• Amazing Technicolor Battlefield: The fight against Master Hand takes place on a single, flat platform before a swirling void. The fight with him in Melee starts in the same spot ("Final Destination") but then warps out of there, eventually flying over a sun-lit field. The in-game explanation is that as the fight goes on, it transfers to the "real" world.
  • Armored But Frail: Metal Mario is so heavy that he often can't be knocked off the stage until he's taken well over 200% damage. However, he is almost completely unable to recover once he does get to that point because his weight also makes him the fastest-falling character in the entire series. If he's off once, he's finished. His home stagenote  has disproportionately huge K.O. boundaries compared to the tiny stage size because otherwise he'd be out too fast to even attempt to come back.
  • Artificial Stupidity: The A.I. will do nothing offstage to defend themselves or evade edge-guarders (excusable because air-dodging does not exist), and if hit during their recovery, they will just fall instead of trying to use their recovery again.
  • Asset Actor: A much lesser degree than other entries in the series, but Captain Falcon and Ness, not having their own Home Stages at the time, are fought on Planet Zebes and Dream Land respectively — the closest things to their original environments.
  • Attract Mode: The game, if left idle at the title screen for long enough, will eventually display a short video of the games' basic mechanics, called How to Play." At other times, it will show the first 15 to 20 seconds of a 4-player match played by the CPU.
  • Background Music Override: Training Mode plays its own theme during gameplay instead of the chosen stage's normal theme. Since this does not happen in later games, it can be attributed to Early-Installment Weirdness.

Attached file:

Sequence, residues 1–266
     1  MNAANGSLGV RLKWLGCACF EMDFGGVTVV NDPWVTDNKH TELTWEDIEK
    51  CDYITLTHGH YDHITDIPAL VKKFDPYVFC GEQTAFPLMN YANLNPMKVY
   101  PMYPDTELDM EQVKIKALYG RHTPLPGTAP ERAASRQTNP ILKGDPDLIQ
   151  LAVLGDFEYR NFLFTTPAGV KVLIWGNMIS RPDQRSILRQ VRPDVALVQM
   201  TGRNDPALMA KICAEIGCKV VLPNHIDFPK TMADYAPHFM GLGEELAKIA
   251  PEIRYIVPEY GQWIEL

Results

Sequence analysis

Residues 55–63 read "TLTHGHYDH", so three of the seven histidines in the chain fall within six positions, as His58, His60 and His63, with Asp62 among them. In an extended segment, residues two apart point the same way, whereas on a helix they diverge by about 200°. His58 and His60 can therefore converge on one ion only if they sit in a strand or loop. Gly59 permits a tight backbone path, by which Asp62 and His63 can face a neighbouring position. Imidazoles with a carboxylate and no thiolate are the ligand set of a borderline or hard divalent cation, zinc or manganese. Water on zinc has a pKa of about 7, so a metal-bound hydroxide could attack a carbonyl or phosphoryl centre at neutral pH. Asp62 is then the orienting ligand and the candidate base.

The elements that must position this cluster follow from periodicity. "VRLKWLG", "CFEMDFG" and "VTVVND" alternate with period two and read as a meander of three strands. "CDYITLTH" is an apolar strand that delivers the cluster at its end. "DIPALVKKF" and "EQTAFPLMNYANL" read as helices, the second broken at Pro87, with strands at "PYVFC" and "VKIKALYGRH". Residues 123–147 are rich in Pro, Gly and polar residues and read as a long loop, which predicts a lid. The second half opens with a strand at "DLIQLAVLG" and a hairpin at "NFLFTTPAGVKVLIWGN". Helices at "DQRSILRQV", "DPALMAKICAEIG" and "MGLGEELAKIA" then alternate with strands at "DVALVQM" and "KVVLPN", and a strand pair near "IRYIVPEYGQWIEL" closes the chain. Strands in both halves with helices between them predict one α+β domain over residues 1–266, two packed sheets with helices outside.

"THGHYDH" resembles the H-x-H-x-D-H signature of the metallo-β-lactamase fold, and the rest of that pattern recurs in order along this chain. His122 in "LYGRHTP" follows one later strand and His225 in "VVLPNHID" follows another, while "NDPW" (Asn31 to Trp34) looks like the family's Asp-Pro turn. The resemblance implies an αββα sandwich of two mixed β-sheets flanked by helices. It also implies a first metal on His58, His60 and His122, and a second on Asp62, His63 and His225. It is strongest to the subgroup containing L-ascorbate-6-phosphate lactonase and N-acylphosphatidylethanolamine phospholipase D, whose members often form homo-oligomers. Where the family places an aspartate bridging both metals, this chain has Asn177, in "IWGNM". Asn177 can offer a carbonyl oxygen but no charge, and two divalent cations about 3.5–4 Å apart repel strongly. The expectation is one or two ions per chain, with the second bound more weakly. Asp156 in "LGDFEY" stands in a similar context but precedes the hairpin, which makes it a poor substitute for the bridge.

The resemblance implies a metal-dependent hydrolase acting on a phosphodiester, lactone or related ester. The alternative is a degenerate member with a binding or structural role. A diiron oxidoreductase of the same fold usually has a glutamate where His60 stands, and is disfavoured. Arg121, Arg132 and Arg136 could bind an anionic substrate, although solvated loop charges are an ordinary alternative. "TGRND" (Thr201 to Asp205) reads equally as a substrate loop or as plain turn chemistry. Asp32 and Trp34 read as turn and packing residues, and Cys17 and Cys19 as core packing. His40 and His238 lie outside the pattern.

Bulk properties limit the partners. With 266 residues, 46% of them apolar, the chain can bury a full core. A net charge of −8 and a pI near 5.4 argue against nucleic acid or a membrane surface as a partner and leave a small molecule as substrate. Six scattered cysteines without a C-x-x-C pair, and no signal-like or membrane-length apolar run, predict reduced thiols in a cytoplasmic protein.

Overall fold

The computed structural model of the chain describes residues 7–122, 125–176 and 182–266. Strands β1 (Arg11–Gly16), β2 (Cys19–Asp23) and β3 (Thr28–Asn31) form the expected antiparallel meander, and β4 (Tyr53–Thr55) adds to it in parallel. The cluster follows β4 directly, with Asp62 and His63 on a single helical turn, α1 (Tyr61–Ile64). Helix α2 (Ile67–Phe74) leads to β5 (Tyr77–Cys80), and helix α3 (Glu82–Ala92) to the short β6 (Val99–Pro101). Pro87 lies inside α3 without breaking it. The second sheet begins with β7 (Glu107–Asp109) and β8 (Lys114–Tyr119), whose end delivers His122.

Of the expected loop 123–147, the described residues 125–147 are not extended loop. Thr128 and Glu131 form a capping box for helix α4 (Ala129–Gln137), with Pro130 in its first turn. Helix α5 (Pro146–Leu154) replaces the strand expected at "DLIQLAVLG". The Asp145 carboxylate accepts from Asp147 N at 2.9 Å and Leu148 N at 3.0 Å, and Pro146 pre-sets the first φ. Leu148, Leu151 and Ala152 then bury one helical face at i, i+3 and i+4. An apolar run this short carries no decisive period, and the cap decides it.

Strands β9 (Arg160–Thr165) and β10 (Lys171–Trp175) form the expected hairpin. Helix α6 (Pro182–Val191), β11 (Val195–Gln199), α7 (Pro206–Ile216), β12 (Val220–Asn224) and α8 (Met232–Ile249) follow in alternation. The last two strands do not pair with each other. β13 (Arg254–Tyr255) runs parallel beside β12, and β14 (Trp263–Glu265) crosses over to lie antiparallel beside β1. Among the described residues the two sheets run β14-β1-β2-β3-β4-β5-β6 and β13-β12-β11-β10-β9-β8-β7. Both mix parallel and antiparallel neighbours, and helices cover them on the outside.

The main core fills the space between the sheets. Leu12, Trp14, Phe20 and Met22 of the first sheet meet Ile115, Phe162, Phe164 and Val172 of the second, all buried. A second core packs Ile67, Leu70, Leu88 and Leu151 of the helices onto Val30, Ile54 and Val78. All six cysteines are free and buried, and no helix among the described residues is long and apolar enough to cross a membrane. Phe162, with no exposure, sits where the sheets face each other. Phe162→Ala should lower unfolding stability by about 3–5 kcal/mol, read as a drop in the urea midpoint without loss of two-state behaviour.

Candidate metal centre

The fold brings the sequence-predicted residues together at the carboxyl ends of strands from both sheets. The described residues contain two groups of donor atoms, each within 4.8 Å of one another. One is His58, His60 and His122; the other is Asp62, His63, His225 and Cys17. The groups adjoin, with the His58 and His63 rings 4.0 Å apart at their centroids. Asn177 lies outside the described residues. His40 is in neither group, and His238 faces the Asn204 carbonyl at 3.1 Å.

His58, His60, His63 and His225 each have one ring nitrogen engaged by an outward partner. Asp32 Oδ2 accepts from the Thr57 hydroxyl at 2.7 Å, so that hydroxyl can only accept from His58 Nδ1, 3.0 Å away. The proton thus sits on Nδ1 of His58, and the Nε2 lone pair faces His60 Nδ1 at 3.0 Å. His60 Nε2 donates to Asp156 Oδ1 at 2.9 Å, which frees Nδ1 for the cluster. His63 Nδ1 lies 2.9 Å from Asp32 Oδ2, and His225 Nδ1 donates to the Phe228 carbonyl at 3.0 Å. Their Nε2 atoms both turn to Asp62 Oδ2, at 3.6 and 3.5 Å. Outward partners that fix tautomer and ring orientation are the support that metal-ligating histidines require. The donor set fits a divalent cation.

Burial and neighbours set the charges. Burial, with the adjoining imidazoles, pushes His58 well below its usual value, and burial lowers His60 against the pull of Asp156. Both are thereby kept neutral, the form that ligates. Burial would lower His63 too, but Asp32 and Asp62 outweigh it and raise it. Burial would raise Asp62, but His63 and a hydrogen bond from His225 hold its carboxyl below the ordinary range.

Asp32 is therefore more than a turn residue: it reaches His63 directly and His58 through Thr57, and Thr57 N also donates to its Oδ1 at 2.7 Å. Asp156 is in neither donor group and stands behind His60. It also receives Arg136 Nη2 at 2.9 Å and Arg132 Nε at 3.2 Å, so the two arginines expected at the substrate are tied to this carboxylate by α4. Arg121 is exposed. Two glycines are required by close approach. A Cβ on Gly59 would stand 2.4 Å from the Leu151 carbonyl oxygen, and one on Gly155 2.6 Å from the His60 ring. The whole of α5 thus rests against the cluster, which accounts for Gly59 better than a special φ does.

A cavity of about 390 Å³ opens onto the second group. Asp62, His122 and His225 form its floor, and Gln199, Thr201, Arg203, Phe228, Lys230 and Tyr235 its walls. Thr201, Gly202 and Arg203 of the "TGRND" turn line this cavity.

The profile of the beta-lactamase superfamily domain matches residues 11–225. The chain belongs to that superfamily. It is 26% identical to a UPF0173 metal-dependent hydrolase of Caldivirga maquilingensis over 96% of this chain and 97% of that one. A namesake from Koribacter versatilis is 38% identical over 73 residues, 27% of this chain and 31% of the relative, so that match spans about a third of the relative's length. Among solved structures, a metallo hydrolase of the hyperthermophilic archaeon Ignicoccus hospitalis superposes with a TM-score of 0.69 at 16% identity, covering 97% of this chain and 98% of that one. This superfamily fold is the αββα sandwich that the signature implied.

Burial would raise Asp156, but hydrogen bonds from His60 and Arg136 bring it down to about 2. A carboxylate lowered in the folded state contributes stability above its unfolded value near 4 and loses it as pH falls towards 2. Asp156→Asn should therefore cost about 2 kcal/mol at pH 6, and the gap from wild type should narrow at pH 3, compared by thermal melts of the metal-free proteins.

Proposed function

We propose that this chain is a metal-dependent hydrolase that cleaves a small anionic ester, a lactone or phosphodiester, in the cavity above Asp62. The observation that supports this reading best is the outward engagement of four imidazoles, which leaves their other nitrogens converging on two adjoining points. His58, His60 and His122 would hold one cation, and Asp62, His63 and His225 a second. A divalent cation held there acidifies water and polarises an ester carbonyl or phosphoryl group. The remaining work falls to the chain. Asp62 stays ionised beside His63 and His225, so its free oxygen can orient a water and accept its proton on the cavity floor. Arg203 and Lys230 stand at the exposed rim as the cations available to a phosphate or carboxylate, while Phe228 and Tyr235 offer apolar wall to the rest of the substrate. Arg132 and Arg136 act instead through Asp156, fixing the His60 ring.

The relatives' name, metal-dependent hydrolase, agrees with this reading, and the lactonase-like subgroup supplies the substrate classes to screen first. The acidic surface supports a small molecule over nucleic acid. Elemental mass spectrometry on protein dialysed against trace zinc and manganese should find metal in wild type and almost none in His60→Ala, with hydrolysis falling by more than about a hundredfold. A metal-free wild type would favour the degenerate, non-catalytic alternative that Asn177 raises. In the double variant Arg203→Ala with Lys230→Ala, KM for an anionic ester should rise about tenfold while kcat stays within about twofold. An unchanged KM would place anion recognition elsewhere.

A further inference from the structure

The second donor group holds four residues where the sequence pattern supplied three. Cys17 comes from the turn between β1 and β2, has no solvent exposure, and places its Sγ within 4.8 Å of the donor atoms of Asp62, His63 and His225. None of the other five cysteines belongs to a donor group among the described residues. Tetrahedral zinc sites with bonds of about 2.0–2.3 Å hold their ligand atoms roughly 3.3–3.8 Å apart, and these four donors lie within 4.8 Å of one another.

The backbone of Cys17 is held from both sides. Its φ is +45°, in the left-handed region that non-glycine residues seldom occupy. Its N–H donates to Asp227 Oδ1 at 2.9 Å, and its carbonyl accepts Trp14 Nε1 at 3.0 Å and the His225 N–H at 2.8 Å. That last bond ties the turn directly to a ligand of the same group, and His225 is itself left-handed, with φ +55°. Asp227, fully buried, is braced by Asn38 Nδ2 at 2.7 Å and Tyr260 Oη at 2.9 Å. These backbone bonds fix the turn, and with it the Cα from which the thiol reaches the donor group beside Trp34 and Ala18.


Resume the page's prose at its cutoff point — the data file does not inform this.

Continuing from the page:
• Batman Can Breathe in Space: No one has any problems breathing outside of the Great Fox in Sector Z or the chunk of debris above Planet Zebes. Justified for Samus as she's wearing her Varia Suit but the whole series' are Acceptable Breaks from Reality anyway.
  • The Big Guy: Donkey Kong's the physically largest in the cast, and the strongest. He's also the only one who can jump while carrying a crate.
  • Bittersweet Ending: So you've defeated the godlike Master Hand. You'd expect a triumphant score heralding your victory, right? Instead, the final results music is distorted and melancholy, and it ends with your character reverting to a lifeless doll as the camera pans away, ending with a closing door. What prevents this from being a Pyrrhic Victory is that the credits music is suitably congratulatory, ending with a special picture of your character as the announcer congratulates you.
  • Book Ends: Attempted, as the game's intro starts and Single Player Mode's ends as your characters as dolls inside a child's bedroom.